Due to flow in a meander reach of the Palmanaki River (sub-Arctic Northern Finland), flow pattern and morphological changes were studied using the new acoustic Doppler current profiler (ADCP) method (Kasvi et al. 2017). According to the results which were done based on hydraulic parameters of velocity and water depth, duration of flood and the rate of increase and decrease in discharge have played an important role in determining channel changes by controlling the velocity and depth of flow. In another research, hydraulic parameters of flow depth and velocity were investigated in the Karoon River (Iran country; Khuzestan province) using CCHE2D model. Finally, it was clear that the changes of depth and flow velocity in the river have a fine harmony, and most changes were in the meander and the bends (Yusefi Haghivar et al. 2017). Yang et al. (2017) developed a 2D model for simulating the braiding phenomena and morphological changes in rivers. Their model uses hydrodynamic rules, sediment transport equations and total variation diminishing (TVD) method to forecast flows and changes in bed morphology. The model was used for simulating the process of bed changes in a physical model of river with bed load transport. Increases in the active and total braiding intensity showed the same trend to those observed in the experimental river. Gharbi et al. (2016) used a 2D model to predict the amount of materials transported by the Medjerda River in Tunisia. The purpose was to investigate Medjerda behavior in severe accidents and morphological changes after passing through spectacular floods in January 2003. In their research, a comparative analysis was carried out between the 1D model (HECRAS), and the 2D model (TELEMAC) coupled with SISYPHE. The results showed that the 2D model can calculate flow changes, morphological changes and sediment transport rates in severe incident for complex natural range with high precision compared to the 1D model.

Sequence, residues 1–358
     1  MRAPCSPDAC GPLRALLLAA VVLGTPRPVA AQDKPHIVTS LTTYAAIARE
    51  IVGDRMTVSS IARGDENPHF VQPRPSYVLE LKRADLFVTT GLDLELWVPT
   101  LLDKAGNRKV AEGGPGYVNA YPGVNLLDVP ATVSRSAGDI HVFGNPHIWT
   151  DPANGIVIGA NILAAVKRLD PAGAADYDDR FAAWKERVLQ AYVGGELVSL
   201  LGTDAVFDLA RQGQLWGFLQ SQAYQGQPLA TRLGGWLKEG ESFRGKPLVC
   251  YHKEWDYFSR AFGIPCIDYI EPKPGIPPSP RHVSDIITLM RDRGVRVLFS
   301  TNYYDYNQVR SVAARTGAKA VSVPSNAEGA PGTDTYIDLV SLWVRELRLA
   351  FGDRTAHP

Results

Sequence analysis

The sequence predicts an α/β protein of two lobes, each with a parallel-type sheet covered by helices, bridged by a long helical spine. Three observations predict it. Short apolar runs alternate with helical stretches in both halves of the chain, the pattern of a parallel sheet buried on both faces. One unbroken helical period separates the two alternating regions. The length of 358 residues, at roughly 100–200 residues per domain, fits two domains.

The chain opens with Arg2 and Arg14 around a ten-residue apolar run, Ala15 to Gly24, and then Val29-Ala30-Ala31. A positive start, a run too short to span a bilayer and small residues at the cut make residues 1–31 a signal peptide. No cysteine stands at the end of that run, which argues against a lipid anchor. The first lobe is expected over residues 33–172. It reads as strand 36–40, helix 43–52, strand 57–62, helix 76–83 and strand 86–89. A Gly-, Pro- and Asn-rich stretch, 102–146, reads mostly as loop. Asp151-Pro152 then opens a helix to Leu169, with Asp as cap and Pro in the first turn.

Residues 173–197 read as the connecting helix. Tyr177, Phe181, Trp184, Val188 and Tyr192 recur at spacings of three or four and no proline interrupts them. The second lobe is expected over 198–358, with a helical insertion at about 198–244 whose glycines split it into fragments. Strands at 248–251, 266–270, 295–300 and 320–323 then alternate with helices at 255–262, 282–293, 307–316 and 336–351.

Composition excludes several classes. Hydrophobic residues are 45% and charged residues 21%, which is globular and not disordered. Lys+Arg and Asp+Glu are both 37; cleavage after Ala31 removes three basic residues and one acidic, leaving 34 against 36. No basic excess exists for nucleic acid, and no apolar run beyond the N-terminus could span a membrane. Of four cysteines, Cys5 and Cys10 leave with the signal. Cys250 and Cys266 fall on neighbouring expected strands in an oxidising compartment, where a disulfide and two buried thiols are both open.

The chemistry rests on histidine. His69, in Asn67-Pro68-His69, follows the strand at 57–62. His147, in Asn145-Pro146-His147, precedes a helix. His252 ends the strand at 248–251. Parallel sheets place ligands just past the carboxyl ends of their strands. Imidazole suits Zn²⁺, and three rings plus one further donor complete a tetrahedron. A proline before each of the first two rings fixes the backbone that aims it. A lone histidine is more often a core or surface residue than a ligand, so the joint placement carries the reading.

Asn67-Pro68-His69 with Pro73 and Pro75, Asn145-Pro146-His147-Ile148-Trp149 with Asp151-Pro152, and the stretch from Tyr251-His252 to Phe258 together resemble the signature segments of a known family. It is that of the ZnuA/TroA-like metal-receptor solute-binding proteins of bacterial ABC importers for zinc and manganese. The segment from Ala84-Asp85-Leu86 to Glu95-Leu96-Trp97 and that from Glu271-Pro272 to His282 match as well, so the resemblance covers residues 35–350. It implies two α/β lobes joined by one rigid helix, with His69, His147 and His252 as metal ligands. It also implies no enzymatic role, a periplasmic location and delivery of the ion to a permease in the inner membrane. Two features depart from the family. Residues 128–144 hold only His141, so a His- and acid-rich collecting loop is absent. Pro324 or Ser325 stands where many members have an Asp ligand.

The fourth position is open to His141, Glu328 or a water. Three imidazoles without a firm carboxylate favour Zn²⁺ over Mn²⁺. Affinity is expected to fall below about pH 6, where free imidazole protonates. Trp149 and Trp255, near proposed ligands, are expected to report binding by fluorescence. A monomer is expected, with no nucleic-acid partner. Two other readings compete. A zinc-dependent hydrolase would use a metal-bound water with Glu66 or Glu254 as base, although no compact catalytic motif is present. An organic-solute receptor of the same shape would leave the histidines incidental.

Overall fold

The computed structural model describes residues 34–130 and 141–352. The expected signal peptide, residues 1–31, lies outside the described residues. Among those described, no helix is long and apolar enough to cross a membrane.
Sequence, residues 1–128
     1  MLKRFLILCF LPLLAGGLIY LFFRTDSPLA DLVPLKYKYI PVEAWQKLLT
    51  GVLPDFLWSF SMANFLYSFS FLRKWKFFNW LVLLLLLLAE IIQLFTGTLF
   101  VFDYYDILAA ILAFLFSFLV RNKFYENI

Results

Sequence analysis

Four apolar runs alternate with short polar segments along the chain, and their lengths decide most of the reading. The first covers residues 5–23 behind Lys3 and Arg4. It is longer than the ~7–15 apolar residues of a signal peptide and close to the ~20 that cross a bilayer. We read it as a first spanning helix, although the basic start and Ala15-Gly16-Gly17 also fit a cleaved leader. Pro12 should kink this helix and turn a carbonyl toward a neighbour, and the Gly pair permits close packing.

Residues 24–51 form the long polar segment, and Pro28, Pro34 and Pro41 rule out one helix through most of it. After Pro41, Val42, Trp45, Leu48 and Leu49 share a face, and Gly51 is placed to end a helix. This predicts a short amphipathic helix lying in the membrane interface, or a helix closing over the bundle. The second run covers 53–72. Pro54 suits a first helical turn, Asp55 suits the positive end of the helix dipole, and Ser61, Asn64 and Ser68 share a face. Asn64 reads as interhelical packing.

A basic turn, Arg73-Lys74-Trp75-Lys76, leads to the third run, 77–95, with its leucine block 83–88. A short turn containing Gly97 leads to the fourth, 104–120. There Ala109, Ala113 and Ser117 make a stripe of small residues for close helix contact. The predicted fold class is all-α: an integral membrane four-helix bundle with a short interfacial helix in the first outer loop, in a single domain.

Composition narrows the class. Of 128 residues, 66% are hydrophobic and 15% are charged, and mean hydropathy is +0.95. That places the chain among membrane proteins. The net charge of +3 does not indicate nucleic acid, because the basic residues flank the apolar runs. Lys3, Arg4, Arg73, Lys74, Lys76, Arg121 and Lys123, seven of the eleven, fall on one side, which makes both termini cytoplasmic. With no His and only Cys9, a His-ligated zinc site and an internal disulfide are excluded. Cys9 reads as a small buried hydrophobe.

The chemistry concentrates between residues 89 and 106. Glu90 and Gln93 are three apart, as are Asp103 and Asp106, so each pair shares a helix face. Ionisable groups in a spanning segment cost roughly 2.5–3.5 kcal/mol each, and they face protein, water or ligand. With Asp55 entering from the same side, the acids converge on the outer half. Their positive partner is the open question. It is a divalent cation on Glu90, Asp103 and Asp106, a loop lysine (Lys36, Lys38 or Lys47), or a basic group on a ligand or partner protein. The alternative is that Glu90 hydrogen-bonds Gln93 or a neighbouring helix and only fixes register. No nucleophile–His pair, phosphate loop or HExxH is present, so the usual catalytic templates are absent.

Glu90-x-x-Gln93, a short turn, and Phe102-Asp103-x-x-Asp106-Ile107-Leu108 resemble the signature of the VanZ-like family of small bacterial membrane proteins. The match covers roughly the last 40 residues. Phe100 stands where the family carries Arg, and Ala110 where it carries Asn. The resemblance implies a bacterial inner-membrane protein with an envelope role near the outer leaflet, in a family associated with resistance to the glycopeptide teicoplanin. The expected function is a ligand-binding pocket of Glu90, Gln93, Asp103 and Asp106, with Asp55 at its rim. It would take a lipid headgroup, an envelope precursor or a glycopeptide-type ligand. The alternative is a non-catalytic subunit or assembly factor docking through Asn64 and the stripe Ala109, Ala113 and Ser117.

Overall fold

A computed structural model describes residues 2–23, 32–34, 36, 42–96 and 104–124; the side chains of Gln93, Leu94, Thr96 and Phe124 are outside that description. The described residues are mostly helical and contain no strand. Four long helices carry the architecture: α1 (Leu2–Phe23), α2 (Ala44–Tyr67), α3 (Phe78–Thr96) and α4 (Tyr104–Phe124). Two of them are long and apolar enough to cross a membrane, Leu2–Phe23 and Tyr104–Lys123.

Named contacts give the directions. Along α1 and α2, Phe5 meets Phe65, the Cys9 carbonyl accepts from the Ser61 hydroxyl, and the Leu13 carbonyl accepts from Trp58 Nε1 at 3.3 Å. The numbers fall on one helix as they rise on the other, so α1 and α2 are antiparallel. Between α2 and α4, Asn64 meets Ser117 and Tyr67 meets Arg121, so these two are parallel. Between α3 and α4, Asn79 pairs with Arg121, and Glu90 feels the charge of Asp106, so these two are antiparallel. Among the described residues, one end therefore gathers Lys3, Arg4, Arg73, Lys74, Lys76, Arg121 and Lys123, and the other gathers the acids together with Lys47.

ShahiriParsa et al. (2016) investigated flood zoning using one-dimensional model (Hydrologic Engineering Centers-River Analysis System, HEC-RAS) and two-dimensional model with CCHE2D sofware to simulate the flood pattern in the Sungai Maka district in Kelantan state, Malaysia. The results showed that the maximum difference between the 1D and 2D models is 6% in the meander’s part of the river (ShahiriParsa et al. 2016). In addition, the results of flow pattern simulation at a meandering reach with CCHE2D model in the Khoshke-rud River of Iran showed that using computational fluid dynamics for water flow modeling is one step closer to having a universal predictor for processes in meandering rivers (Fathi et al. 2012).